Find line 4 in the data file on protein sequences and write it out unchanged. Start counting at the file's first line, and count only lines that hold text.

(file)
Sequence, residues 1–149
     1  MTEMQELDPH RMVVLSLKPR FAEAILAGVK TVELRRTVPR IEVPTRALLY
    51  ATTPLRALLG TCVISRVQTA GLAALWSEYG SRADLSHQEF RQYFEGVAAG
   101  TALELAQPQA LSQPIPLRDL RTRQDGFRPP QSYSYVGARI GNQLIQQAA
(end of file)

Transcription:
   101  TALELAQPQA LSQPIPLRDL RTRQDGFRPP QSYSYVGARI GNQLIQQAA